Did they speed too much, was the vehicle not properly maintained, were they drunk? In all of these scenarios, it is pretty easy to see that a responsible figure could’ve avoided a problem. This is precisely the point, you need to show that the breach did happen and it could’ve been avoided.
Next, your lawyer will have to establish a rational link between this breach of duty and the damages you sustained. The other party may debate that your losses happened because of something else and that their negligence did not matter in the picture, or at least not that much.
For instance, if something in your medical records showed that you already had a certain injury/issue when the crash happened, they might use that to suggest that your losses were not caused by the crash itself (or perhaps there was some contributory negligence.)
However, your lawyer will brush through your documents here and determine the best approach.
In most cases, proving a causal link is pretty simple.
Just be sure that you remember the details well, connect the dots without any room for error, and the rest will be fine.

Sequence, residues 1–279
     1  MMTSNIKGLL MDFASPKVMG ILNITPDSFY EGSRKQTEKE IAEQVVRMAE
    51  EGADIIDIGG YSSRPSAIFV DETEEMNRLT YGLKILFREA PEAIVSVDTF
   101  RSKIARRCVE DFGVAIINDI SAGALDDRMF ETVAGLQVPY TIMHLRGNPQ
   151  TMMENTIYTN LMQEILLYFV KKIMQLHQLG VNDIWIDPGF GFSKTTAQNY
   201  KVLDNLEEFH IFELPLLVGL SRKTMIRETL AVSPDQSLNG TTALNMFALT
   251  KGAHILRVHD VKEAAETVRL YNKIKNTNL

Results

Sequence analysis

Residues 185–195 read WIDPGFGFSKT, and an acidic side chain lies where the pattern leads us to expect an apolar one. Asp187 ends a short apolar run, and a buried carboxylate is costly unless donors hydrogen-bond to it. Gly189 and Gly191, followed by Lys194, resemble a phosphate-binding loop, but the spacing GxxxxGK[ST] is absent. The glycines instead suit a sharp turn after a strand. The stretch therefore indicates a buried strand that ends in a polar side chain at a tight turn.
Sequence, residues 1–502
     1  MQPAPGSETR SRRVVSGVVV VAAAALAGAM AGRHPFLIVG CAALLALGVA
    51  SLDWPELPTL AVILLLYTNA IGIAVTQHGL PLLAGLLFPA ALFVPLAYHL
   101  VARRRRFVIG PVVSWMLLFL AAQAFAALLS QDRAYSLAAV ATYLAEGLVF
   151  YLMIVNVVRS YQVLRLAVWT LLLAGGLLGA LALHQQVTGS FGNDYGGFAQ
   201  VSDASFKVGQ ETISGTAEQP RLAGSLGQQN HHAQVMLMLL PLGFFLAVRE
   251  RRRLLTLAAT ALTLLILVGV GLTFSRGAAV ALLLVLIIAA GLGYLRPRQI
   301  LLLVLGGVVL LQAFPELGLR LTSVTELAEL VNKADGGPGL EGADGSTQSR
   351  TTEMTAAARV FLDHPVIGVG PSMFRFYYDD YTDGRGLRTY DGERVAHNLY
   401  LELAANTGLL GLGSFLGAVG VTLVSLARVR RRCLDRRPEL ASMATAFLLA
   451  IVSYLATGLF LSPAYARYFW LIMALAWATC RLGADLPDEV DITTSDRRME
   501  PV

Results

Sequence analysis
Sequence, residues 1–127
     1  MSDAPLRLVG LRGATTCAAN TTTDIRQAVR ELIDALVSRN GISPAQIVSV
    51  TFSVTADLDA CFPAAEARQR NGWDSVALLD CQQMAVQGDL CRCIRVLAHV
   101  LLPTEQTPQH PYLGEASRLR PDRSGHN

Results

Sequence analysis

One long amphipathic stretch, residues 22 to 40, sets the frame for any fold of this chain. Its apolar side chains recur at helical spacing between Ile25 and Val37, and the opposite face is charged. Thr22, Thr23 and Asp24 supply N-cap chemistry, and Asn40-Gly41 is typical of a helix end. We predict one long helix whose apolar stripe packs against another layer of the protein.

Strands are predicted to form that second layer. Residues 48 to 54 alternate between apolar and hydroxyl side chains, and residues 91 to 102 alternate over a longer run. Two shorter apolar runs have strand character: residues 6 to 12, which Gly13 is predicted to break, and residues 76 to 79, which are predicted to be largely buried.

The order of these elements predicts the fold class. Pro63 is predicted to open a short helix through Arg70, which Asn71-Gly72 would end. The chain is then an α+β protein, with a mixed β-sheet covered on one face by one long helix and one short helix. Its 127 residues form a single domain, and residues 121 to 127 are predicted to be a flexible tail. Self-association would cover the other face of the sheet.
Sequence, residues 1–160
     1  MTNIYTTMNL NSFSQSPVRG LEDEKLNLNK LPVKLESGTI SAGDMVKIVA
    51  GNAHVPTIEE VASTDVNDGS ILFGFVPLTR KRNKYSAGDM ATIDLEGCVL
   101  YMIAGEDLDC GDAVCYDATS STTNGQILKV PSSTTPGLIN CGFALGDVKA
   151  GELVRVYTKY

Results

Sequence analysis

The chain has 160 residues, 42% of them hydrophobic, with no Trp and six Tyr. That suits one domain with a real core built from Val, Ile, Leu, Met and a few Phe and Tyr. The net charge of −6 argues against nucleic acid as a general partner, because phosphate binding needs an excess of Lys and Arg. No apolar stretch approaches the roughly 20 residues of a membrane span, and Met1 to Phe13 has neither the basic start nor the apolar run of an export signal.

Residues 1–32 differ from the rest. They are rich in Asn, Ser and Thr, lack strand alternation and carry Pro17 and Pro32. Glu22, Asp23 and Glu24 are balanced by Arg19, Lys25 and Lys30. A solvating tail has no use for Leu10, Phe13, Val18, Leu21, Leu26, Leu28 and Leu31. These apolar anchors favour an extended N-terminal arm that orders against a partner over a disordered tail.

Once that is all done, your personal injury lawyer will have to establish the intensity of the negligent behavior. This will be reflected in the damages you, the injured party, had to sustain; the extent of these will be proportional to the damages themselves.
Your losses will be divided into economic losses and non-economic damages, the former encompassing all the medical bills, property damage, special damages, and loss of income. The latter will cover the emotional distress and physical pain brought by catastrophic injuries like traumatic brain injury, spinal cord injury, internal organ damage, neck injury, broken bones, fractured bones, and so on.